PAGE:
Sunday Update: WRAL revised the story again on Friday to scale back the earlier reporting about the progress made in Wake County’s high-poverty schools. WRAL dropped the word “marked” from its opening paragraph describing the improvement.
WRAL also dropped the new paragraph it inserted Thursday about how state changes left the impression that schools were improving at a faster rate than they actually are. In its place Friday. WRAL reported new totals for gains in proficiency for individual schools that reflected much lower but more realistic gains over last three years.
Thursday Update: WRAL revised its story Thursday evening – after this blog post went up. The article now includes this new paragraph:
“It’s also important to note that during the last three years, the state modified how it determines proficiency. That’s left the impression that some schools are improving at a faster rate than they actually are.”
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WRAL-TV on Wednesday sharply overstated the gains in test scores made by high-poverty schools in Wake County.
In a “WRAL Investigates” report, the television station said that “test scores in schools with more than 70 percent of students from low-income families have shown marked improvement in recent years.” But the report doesn’t take into account how the state made changes to the testing system last year that have sharply increased the passing rate.
The result is that several Wake schools that WRAL reported as having double-digit gains in passing rates over the past three years actually saw much smaller increases.
In 2012-13, the first year of the new Common Core-based exams, passing rates statewide were at 44.7 percent. State education officials said students who passed were “college and career ready.”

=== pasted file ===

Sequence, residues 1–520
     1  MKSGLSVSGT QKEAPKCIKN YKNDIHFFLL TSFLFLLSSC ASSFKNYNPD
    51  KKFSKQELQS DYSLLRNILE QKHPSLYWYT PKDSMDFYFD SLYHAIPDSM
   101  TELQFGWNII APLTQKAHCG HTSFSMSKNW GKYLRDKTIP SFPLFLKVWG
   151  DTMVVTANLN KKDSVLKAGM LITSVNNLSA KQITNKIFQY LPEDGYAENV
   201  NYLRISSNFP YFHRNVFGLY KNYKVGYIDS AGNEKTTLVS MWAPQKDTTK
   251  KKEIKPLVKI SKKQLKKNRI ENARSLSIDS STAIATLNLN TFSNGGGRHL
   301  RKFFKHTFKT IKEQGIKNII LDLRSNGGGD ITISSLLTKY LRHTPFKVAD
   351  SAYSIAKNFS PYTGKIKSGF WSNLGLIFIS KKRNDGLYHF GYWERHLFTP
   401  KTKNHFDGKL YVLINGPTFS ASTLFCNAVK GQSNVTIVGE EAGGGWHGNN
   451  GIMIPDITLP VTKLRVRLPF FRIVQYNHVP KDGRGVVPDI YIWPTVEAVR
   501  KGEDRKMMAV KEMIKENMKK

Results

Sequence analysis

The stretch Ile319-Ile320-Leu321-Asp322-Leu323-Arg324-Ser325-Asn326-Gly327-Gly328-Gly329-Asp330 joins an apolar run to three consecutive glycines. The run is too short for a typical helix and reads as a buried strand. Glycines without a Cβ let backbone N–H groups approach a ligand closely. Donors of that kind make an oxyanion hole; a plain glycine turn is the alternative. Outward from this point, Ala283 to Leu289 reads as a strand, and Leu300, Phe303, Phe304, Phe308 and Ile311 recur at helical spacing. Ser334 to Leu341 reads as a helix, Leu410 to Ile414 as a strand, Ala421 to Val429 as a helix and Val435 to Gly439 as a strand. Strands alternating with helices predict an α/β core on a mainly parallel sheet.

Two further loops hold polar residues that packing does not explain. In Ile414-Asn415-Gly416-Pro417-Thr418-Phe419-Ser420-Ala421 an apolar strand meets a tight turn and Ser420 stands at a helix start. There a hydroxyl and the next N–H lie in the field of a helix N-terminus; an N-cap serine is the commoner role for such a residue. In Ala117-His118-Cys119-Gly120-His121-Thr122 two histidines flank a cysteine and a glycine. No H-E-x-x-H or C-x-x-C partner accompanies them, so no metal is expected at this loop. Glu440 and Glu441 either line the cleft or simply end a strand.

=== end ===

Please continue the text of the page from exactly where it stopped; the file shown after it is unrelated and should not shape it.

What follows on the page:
Exams that school year were based on a four-tier scale, with students scoring at the third and fourth tiers considered to be at or above their grade level.
Last year, the State Board of Education added a middle level to create a five-tier scale of proficiency. Now, students who score in the third, fourth and fifth tiers are considered passing. But only students on the fourth and fifth tiers are considered “college and career ready.”
Deputy State Superintendent Rebecca Garland testified in a court hearing in January that the change was made because state schools leaders wanted more children to be classified as passing their classes. The change was occurring as the General Assembly began requiring the use of the tests for new A through F performance grades for each school and for Read To Achieve to determine which third-grade students might be held back.
“We felt we had to do this,” Garland said.
The result is that the students who are considered as passing/proficient rose statewide this year to 56.6 percent. But those students whose passing rate is considered “college and career ready” has only gone up slightly to 46.9 percent.
When WRAL reported the gains Wednesday, the TV station compared the original higher passing standards with the new relaxed requirements.
For instance, WRAL reported that Brentwood Elementary School “has seen its proficiency scores in reading and math jump by 23.5 percentage points over the last three years.” But if you look at the students who are considered “college and career ready,” the gain is a more modest 11 percentage points.
Jumps reported by WRAL for other Wake schools were also much smaller. For instance:
▪ Smith Elementary School’s gain is 10.1 percentage points instead of 20.2 percentage points.
▪ Creech Road Elementary School’s increase is 5 percentage points, not 19.1 points.
▪ Wakelon Elementary School’s jump is 6.3 percentage points, not 18.9 points.
▪ Fox Road Elementary School went up 6.8 percentage points, not 17.3 points.
▪ East Garner Elementary School increased 0.7 percentage points instead of 11.6 points.
▪ Lincoln Heights Elementary School is up 2.3 percentage points, not 11 points.
WRAL also, arguably, overstated the passing rates for Wake high-poverty schools that it said had a majority of students scoring as proficient on state exams.
WRAL said that Wakelon Elementary is at 54.8 percent proficiency. If the “college and career ready” standard of proficiency was still the minimum, the passing rate would be 41.9 percent.
Brentwood Elementary would be 39.1 percent instead of the 51.6 percent proficiency rate now used by the state.
Creech Road Elementary would be at 36.1 percent instead of the reported proficiency rate of 50.2 percent.